Obama’s Post-Sandy Slogan Should Be: “Who Rebuilt It?”

President Barack Obama and FEMA Administrator Craig Fugate prepare to visit areas of New Jersey hit hardest by Hurricane Sandy

Photo by JEWEL SAMAD/AFP/Getty Images.

We Built It” was the Republican Convention slogan that tried to mock the sensible and correct argument by President Obama that government had in fact built much of what makes our economy tick: from many of the essential pieces of our infrastructure, from the Erie Canal or the interstate highway system, to the great public universities that produce groundbreaking technology to the research and development efforts in that have built our great biotech and aerospace companies. Put aside for the moment that the speakers at the convention took the president’s statement totally out of context, trying to assert that he was claiming government built the businesses—not the surrounding infrastructure that permits businesses to thrive.

The speeches captured the disdain that Mitt Romney expressed for all things governmental, until his recent, late night conversion to moderate Mitt.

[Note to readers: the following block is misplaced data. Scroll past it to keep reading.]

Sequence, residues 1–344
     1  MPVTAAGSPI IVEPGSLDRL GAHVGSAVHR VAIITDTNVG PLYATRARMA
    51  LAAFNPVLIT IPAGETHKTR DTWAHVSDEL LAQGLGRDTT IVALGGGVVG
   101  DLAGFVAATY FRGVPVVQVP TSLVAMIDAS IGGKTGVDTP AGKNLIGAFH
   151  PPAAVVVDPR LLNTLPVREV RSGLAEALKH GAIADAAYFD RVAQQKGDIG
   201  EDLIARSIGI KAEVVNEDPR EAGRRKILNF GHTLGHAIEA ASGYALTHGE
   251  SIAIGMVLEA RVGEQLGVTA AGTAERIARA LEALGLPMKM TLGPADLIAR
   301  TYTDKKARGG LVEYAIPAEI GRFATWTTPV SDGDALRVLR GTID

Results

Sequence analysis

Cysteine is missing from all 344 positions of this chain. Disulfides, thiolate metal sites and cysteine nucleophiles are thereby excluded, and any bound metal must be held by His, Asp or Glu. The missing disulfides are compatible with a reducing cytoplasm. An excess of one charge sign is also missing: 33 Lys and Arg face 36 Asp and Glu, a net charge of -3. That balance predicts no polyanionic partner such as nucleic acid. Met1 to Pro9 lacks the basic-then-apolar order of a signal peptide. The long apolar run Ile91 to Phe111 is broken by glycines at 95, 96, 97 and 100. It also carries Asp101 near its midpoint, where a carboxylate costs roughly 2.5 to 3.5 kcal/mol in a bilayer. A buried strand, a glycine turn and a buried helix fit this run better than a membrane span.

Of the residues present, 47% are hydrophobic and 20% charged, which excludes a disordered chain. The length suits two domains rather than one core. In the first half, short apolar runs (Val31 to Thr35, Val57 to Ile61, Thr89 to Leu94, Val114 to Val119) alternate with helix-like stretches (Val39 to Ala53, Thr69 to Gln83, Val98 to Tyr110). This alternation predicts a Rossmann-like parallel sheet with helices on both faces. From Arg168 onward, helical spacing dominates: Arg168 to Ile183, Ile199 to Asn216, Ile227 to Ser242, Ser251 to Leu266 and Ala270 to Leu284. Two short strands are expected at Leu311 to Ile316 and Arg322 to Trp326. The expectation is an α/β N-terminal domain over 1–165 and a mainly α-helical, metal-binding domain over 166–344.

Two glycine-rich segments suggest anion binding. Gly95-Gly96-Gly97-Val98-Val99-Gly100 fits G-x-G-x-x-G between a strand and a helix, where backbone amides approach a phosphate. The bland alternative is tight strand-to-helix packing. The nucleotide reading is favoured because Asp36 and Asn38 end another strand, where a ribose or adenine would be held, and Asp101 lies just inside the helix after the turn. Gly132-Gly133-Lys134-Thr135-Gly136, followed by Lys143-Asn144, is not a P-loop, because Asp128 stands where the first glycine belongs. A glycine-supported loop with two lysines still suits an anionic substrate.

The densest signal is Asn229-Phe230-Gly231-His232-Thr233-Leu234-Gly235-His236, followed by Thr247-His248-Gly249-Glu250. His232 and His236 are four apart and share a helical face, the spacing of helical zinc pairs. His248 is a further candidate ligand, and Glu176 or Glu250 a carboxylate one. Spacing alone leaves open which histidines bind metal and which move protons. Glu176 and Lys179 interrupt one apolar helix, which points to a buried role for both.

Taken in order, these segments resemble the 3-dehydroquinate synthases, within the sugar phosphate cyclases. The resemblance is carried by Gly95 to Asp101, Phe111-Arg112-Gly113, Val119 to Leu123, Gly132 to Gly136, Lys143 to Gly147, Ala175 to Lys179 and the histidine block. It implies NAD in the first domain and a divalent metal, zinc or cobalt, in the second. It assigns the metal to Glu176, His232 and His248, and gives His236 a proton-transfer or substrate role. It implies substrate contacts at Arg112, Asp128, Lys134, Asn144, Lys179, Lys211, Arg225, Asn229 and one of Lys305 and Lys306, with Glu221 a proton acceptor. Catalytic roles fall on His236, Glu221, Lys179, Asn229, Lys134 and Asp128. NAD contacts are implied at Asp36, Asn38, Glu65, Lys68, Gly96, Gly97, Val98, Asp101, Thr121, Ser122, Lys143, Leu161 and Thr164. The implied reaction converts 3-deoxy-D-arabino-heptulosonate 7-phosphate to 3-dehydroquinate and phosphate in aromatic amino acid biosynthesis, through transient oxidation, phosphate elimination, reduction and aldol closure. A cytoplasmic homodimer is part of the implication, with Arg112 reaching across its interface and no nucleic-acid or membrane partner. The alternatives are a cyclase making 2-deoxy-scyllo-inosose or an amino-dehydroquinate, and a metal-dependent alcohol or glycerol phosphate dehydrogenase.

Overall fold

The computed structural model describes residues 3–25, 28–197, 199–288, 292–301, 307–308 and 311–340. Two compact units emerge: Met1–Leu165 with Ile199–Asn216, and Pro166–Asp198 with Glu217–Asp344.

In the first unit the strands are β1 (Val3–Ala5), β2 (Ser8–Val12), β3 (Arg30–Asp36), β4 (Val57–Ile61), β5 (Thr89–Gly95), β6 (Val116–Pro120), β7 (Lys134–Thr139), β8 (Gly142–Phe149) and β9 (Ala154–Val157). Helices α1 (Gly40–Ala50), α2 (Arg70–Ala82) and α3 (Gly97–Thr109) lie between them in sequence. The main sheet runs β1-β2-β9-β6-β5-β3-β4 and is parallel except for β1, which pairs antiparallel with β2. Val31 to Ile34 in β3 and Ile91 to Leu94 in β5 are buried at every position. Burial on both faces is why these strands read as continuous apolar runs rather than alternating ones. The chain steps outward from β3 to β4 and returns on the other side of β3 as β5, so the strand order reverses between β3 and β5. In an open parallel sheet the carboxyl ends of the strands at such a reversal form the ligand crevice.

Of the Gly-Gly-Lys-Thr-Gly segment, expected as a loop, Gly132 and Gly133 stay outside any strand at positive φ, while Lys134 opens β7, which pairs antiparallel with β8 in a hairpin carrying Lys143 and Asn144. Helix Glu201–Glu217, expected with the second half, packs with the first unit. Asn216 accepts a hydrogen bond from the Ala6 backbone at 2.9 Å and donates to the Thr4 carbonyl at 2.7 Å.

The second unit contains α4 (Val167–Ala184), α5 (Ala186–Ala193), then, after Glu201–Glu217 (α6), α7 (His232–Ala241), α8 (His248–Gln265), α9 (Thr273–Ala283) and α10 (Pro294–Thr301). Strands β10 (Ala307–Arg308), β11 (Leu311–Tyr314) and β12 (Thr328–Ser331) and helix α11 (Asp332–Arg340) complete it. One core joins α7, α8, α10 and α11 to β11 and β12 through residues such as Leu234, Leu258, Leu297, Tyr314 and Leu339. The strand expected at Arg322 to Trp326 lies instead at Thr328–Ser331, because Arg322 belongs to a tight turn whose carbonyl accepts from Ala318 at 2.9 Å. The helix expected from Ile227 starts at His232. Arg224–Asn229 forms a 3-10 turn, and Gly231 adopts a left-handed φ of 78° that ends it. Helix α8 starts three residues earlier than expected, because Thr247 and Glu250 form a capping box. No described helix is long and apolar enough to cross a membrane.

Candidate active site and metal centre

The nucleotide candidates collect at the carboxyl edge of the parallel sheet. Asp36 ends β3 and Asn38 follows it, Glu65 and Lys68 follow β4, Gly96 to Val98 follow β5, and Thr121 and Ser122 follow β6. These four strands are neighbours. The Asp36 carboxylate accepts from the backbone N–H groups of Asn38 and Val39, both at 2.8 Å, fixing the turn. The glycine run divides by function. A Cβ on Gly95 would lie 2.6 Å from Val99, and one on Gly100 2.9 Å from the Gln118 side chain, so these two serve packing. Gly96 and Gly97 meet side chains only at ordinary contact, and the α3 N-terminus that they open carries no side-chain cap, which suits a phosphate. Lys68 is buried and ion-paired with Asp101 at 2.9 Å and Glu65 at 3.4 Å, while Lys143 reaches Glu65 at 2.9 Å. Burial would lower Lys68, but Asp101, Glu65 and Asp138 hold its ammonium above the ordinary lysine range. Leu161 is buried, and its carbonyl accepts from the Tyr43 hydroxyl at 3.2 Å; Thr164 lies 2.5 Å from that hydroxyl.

I have a slight reformulation for the folks who live in the path of Hurricane Sandy. “Who rebuilt it?” Who showed up in this moment of great need to provide shelter and emergency medical assistance? Who helped rescue families from flooded areas and provided transport for the elderly? Who is there fixing the critical infrastructure and safety systems that we all rely on in crisis?

Suddenly New Jersey Gov. Chris Christie is sounding more appreciative of the FEMA funding that the Romney-Ryan budget wants to decimate. Suddenly even Republicans are talking respectfully about the need for the mass transit system to work, for bridges to reopen, for all the government actions and investments that were mere impediments, in their pre-Sandy world view, to the private sector.

It is too bad that it takes a tragedy like Sandy to get some to appreciate the essential role that government investments play in our society. Maybe after the storm has passed, and the election has faded at least a week or two into our memories, we can agree that government really did build something critical that we all need—and should be thankful for.